Aerial view of crowded Singapore high rise apartment skyscraper buildings.

Singaporeans are able to afford property despite finding prices high, says PropertyGuru survey

Based on a survey conducted by PropertyGuru Group, it was revealed that Singaporeans are now being more positive about the property market due to the increased in affordability, ease of getting financing, good long-term prospects and government policies.

The results, which came out in the leading property technology company’s bi-annual Consumer Sentiment Survey, was conducted on 643 people in Singapore and more than 3,400 respondents across Southeast Asia.

It was said that while 88 percent of the Singaporeans surveyed believe that property prices are high and 72 percent expect these to increase in the next six months, a significant proportion (66 percent) see 2 property in Singapore as not only affordable but also good value for money.

In fact, 64 percent shared that they are able to buy a home at the current prices and within their current incomes, with 27 percent intending to buy a home in the next year.

“With prices in the private property market starting to see declines from cooling measures, and the HDB resale market remaining flat, buyers are likely to consider entering the market in 2019. Furthermore, with at least 40 new launches expected to hit the market this year, private property buyers will have plenty of options to choose from. Despite macroeconomic uncertainties, we see from our sentiment survey that there remains a firm belief in the long-term potential of Singapore’s property market,” said Jeremy Williams, Chief Business Officer of PropertyGuru Group.

The survey also found out that 41 percent of the respondents indicated satisfaction with Singapore’s real estate climate due to the long-term prospects for capital appreciation, stable real estate market and local economy.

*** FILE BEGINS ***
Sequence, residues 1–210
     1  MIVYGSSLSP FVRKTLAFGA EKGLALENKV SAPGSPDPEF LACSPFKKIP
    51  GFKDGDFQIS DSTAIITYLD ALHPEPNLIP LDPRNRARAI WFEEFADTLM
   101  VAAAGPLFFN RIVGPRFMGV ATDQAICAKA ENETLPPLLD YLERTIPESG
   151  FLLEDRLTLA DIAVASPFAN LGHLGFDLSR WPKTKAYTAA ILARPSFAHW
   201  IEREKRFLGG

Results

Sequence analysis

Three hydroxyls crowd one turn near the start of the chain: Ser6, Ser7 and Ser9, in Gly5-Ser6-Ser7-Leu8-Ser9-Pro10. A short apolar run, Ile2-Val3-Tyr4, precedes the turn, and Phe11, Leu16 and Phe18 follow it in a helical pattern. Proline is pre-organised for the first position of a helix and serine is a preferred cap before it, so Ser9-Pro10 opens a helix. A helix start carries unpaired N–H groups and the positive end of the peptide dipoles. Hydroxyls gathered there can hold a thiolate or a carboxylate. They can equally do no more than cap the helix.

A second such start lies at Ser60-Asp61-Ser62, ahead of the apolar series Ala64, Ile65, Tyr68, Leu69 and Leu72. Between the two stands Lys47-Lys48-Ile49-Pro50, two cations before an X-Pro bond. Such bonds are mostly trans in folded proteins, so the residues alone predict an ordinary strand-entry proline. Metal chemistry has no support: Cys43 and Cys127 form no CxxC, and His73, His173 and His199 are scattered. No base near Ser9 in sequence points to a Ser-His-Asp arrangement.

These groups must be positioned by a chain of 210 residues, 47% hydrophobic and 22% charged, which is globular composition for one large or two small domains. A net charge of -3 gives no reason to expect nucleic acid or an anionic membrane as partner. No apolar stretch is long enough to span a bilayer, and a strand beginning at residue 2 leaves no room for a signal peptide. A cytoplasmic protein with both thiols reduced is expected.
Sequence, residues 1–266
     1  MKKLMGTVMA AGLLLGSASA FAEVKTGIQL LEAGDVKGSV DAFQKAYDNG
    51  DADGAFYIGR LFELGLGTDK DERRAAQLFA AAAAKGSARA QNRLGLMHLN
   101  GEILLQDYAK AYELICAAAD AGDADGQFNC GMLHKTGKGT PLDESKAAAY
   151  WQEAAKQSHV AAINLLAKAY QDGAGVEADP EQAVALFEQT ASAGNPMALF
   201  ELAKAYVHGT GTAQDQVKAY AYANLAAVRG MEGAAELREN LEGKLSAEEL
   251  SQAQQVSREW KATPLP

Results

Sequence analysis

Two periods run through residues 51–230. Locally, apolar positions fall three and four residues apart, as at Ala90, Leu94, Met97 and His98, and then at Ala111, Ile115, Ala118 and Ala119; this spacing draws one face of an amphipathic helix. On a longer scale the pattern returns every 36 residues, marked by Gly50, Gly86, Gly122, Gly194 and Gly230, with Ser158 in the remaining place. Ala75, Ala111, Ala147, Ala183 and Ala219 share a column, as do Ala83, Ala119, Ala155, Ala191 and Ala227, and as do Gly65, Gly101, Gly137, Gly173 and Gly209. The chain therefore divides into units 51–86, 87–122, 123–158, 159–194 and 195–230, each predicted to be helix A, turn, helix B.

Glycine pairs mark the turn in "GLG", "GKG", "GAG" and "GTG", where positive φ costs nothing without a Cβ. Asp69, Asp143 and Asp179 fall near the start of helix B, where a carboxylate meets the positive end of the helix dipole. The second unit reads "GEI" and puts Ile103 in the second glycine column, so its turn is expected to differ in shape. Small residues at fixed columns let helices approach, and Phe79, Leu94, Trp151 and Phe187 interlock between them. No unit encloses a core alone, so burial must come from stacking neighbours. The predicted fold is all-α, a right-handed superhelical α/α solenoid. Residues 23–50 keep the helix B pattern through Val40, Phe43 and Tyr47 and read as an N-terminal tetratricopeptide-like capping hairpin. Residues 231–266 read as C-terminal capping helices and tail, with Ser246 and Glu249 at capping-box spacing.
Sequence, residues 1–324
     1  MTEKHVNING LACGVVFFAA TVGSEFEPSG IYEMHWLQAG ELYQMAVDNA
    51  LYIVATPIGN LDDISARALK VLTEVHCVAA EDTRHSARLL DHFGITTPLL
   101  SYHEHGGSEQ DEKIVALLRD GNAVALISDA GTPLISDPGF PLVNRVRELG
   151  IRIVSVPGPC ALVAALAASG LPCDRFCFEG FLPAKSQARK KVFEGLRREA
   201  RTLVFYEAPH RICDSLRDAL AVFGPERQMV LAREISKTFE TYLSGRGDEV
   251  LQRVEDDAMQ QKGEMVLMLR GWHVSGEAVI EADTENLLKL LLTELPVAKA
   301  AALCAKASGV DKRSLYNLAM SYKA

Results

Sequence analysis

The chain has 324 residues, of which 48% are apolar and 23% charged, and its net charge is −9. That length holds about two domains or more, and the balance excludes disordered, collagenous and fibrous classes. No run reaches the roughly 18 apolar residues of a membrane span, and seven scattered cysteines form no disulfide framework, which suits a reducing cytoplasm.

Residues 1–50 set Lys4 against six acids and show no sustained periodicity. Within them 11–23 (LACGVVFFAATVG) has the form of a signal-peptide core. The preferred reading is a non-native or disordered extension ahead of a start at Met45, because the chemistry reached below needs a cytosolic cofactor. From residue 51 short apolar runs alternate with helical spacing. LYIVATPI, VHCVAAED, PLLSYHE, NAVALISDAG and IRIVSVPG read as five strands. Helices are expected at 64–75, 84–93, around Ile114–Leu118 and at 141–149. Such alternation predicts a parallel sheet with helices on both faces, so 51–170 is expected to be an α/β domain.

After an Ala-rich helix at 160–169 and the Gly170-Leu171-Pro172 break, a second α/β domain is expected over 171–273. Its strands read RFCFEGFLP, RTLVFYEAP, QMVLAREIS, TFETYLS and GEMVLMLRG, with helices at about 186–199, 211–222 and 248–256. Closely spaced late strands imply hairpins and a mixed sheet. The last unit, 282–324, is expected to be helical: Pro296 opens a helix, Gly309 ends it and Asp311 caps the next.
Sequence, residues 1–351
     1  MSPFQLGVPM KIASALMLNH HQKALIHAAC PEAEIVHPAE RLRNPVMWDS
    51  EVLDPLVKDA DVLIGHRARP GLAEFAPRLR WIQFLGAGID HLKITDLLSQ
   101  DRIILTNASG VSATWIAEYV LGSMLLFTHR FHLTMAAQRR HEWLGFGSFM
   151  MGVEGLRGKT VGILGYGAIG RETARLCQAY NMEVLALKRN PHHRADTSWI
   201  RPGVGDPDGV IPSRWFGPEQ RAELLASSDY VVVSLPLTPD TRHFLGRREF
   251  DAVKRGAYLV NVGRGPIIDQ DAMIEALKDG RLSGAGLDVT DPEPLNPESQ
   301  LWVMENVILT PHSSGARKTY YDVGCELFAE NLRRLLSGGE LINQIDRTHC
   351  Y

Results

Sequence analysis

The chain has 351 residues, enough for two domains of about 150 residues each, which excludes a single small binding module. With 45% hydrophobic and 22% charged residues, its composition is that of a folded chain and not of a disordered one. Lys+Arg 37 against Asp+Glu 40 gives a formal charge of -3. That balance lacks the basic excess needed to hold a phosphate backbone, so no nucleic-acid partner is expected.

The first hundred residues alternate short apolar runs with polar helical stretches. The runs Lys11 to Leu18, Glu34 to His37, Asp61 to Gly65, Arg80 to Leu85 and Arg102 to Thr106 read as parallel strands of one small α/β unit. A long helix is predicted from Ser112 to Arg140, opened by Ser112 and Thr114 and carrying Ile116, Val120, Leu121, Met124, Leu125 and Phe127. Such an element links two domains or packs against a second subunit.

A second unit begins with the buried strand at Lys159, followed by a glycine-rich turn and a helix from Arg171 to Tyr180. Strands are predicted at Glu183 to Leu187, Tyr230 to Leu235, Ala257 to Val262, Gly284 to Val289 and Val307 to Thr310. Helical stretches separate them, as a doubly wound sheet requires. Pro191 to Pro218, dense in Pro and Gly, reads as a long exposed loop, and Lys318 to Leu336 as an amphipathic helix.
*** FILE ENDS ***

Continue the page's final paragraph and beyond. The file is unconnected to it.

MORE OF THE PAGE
What is even more interesting is that more than half of the respondents who are satisfied with the real estate climate are PMEBs (Professionals, Managers, Executives and Businessmen) aged 30 to 49 years, drawing medium to high incomes and are married with children.

“Many within this demographic group have experienced what we call the ‘first bite of the cherry’, having made some money when selling their matrimonial home that has enabled them to upgrade to their next home. As such, these individuals are most likely to view real estate as a means of growing their nest egg for the future,” Mr Williams added.

However, for 39 percent of those surveyed, restrictive government policies remain a matter of contention and there is rising dissatisfaction not only with increasing property prices but also with small unit sizes that come with these high price tags.

If that is not all, those who are thinking of upgrading to private property, positive perception rose the highest for executive condominiums (ECs) by 6 percent as these are available at relatively affordable prices compared to increasingly expensive condos. ECs are also a favourable option for middle income families who aspire to own private homes and enjoy long-term capital appreciation prospects.

Adding to the good news, the survey also found out that more young Singaporeans are moving out of their family homes earlier. At least 24 percent of millennials who moved out of their parents’ homes were aged 27 and below, with two in three respondents owning their first property between the age of 28 and 34 years.

This is could be due to the rise of co-living concepts where people rent or purchase properties together, lowering the price of the overall unit and making it more achievable.

However, PropertyGuru advices property seekers, particularly first-time buyers, to time their purchases to the ebb and flow of property prices and policy changes, such as cooling measures and property tax rates.

In addition to assessing future prospects of the preferred location, the company also recommends that buyers have sufficient savings for a down-payment and are able to service their property mortgage loan in the long-term – after accounting for renovation, stamp duty and setting aside six to 12 months of salary for emergencies.